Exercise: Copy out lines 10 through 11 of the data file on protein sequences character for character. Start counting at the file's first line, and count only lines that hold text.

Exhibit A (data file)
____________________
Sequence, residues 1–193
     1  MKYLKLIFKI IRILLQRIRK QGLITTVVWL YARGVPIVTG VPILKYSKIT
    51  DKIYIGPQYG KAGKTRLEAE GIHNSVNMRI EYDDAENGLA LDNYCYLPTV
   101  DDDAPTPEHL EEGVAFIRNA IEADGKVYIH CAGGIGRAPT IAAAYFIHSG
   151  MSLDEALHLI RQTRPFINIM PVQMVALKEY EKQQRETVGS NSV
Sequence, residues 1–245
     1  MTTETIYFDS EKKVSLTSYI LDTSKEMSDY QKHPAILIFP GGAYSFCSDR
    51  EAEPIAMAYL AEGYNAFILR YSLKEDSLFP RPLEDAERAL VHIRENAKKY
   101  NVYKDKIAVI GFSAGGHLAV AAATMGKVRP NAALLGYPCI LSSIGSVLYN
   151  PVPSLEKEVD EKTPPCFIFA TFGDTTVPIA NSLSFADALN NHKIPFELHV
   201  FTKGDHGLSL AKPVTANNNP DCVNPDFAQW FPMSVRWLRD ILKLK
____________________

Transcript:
   151  PVPSLEKEVD EKTPPCFIFA TFGDTTVPIA NSLSFADALN NHKIPFELHV
   201  FTKGDHGLSL AKPVTANNNP DCVNPDFAQW FPMSVRWLRD ILKLK